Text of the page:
The Handelian pomp and flourish of the finale of the Meditations recalls Britten's Young Person's Guide - a work very popular during the 1950s. This splendid vainglory falls away into the sort of string writing we find in the RVW's Fifth Symphony with the leers, rattles and shudders of the 'Valley of the Shadow of Death' and the shades of the firmamental violins putting in a skeletal and regretful appearance. All is resolved in contentment.

The documentation is nothing to write home about and the second disc is short on playing time at just short of fifty minutes. However apart from the Herrmann (which has its moments) these are all good performances. The Bliss-conducted tracks are valuable if dated soundwise. The choices beyond the Wordsworth Argo disc are perplexing though. We could have done without the Bliss-conducted Introduction and Allegro and in its place we could surely have had the composer conducting his Colour Symphony. The sound is past its sell by date but no more so than in the Theme and Cadenza and the Introduction and Allegro.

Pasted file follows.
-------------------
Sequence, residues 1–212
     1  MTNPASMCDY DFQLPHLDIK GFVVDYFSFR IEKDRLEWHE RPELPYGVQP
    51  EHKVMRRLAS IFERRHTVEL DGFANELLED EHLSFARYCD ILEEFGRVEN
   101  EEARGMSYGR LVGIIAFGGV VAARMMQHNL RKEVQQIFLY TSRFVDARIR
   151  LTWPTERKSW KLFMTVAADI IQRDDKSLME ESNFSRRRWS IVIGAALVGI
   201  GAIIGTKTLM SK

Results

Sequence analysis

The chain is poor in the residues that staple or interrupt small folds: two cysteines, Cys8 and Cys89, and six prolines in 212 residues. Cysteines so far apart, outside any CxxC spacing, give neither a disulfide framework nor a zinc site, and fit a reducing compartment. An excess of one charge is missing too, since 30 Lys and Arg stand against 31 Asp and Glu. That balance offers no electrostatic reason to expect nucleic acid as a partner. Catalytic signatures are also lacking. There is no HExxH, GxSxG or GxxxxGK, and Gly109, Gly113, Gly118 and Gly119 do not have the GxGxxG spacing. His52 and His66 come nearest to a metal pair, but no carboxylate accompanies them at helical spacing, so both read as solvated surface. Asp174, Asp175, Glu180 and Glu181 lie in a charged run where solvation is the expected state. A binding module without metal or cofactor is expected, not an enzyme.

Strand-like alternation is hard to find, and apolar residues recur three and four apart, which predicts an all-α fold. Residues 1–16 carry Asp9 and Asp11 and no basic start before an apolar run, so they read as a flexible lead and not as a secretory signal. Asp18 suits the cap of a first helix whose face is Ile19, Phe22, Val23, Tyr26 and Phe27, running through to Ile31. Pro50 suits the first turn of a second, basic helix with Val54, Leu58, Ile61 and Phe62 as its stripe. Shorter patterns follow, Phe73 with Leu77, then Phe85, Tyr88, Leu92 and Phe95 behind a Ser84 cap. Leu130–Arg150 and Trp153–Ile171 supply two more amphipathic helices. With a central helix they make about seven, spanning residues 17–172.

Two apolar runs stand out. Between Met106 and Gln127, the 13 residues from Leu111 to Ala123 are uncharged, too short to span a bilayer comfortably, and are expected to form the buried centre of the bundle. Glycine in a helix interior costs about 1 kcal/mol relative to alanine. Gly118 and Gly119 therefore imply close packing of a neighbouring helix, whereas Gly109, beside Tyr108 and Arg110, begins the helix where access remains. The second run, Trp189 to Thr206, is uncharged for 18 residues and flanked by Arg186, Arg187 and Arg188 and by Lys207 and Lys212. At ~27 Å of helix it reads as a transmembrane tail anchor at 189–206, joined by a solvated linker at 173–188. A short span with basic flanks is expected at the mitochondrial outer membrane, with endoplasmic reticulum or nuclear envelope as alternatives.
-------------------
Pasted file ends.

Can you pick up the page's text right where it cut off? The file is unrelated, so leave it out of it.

Rob Barnett

see also review by Terry Barfoot